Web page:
Following last week’s discussion of expertise (be sure to see the comments also) comes an entirely different perspective on the subject. Sting, formerly of The Police and more recently a genre-spanning solo musician, had his brain scanned while listening to a variety of music selections. The songs were grouped by the way Sting’s brain responded while hearing them. Other music comparison algorithms, like the one used by Pandora to recommend songs, rely on features of the music that are quantified in a more objective and explicit fashion and tend to include either genre or genre-specific qualities. Using Sting’s subjective reaction to the songs revealed connections that wouldn’t necessarily show up from other analyses because of the obvious dissimilarities. For example, Libertango by Astor Piazzola, instrumental dance music from Argentina, and Girl by The Beatles, a British folk rock song, were judged among the most similar pairs by Sting’s brain.
Having identified connections in an unconventional way, the researchers were still able to express the similarities between songs in basic musical language. The tunes shared features like tempo, key signature, melodic shape or rhythmic structure. Composer and educator Peter Schickele was comparing songs across genre barriers on these terms for years on his radio program Schickele Mix and in his classical mashups written for his alter ego P. D. Q. Bach. Still, most music conversation starts with genre categories, so there is some novelty to the pairings found by this study. And while Sting-in-an-fMRI is unlikely to power the next Spotify or Pandora, there might be something to learn from this work about how to create more eclectic music mixes.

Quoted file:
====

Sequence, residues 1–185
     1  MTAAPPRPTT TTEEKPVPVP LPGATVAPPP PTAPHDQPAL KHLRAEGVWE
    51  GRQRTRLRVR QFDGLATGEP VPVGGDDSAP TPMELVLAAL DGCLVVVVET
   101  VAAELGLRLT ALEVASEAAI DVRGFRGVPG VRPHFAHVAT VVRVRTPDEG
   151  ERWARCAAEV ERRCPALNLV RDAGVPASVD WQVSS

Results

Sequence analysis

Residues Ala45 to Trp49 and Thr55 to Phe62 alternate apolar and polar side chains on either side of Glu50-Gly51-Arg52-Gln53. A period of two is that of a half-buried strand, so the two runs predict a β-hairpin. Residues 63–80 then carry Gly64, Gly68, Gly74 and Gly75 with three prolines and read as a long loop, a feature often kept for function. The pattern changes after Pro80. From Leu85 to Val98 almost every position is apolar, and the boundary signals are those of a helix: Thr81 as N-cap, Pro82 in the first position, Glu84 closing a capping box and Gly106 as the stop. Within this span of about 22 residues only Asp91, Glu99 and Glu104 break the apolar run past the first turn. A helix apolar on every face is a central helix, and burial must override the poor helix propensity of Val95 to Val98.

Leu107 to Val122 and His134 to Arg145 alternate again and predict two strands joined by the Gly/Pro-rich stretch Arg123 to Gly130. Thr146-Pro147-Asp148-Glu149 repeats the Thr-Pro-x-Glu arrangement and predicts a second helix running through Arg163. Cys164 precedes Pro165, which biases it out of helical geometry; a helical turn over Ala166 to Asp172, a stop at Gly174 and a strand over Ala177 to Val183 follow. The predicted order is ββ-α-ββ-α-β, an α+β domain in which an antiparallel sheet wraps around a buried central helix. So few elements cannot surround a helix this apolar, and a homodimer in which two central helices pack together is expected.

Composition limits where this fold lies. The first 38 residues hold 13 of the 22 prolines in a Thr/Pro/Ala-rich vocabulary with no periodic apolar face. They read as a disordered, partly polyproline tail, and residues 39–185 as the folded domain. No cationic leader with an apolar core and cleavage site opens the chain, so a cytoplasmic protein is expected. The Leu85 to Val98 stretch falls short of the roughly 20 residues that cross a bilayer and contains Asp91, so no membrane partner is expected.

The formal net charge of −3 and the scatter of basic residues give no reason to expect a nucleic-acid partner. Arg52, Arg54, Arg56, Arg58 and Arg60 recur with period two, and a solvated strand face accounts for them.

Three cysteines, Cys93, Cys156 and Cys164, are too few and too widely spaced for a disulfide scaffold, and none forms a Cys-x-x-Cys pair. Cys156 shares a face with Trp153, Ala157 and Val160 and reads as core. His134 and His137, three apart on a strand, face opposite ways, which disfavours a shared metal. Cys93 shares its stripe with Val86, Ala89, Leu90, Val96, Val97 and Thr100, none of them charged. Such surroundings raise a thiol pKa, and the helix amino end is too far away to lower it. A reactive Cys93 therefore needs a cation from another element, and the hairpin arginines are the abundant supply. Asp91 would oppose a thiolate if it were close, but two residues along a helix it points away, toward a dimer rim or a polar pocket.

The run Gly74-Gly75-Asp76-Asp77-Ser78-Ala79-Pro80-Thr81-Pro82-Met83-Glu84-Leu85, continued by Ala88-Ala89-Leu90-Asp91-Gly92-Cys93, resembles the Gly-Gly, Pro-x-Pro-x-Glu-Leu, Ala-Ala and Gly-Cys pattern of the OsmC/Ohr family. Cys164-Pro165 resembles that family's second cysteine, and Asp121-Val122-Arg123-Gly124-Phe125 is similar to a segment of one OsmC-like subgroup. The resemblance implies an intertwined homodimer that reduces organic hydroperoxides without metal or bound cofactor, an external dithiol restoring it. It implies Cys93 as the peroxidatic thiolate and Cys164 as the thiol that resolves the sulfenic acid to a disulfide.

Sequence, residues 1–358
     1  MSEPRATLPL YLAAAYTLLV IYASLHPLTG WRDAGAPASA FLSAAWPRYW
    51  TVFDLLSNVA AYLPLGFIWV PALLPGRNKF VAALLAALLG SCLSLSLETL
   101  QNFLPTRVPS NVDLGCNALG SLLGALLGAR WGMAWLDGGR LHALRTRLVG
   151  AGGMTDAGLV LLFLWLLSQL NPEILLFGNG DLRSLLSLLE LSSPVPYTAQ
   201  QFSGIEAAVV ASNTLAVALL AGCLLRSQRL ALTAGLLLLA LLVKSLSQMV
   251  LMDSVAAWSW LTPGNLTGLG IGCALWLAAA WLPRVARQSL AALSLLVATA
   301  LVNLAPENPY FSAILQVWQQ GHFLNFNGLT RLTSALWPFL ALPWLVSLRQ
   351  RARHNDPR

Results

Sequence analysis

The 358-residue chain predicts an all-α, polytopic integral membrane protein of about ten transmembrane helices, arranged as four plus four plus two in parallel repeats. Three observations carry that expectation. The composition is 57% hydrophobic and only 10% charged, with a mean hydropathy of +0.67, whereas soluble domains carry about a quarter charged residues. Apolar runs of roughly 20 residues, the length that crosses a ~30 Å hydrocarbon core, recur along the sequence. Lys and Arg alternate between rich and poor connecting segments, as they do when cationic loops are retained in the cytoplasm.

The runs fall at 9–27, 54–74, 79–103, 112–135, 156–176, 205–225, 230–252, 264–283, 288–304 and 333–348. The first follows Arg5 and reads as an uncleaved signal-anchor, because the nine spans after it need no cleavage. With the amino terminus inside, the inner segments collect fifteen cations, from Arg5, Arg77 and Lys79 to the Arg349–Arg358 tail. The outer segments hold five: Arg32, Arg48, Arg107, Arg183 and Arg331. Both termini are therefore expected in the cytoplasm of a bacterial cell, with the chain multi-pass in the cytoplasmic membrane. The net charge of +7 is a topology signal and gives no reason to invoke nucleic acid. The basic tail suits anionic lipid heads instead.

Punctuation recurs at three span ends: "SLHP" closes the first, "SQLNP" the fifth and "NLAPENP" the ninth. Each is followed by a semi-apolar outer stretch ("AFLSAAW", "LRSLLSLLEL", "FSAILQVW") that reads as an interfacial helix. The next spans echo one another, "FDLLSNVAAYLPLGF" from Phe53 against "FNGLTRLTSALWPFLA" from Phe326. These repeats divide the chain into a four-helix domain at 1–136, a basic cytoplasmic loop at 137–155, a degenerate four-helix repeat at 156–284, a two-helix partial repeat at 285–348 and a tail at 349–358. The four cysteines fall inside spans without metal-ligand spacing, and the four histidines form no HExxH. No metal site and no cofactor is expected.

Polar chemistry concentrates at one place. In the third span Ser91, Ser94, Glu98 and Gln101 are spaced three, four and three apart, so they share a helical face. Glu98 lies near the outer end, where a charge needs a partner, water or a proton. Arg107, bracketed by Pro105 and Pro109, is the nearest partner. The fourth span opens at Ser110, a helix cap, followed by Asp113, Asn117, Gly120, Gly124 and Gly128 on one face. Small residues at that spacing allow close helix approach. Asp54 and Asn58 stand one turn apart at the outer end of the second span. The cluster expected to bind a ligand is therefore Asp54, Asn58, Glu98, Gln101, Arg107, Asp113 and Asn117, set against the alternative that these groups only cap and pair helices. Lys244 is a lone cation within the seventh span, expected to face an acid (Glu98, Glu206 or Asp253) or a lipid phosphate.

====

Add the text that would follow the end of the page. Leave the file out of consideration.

I’d be particularly curious to know if Sting’s brain reacts differently from other listeners, and if those differences are explained by his experience as a performer and composer, his particular genre-blurring musical tastes, or just being Sting. Maybe everyone’s brain scans would create the same pairs because pitches and tempos are how brains process music, or maybe only a trained “ear” responds to those qualities. If experts of all stripes are set apart by a richer and more nuanced set of categories with which to understand their field, then being able to identify those categories and their boundaries would help make that expertise more concrete. And if those categories can be explained and shared readily with lay folk, then broader public conversations of expert topics might become more fruitful.
How many melodies can you identify in this Schickele composition?
About the author:
Andy has worn many hats in his life. He knows this is a dreadfully clichéd notion, but since it is also literally true he uses it anyway. Among his current metaphorical hats: husband of one wife, father of two teenagers, reader of science fiction and science fact, enthusiast of contemporary symphonic music, and chief science officer. Previous metaphorical hats include: comp bio postdoc, molecular biology grad student, InterVarsity chapter president (that one came with a literal hat), music store clerk, house painter, and mosquito trapper. Among his more unique literal hats: British bobby, captain's hats (of varying levels of authenticity) of several specific vessels, a deerstalker from 221B Baker St, and a railroad engineer's cap. His monthly Science in Review is drawn from his weekly Science Corner posts -- Wednesdays, 8am (Eastern) on the Emerging Scholars Network Blog. His book Faith across the Multiverse is available from Hendrickson.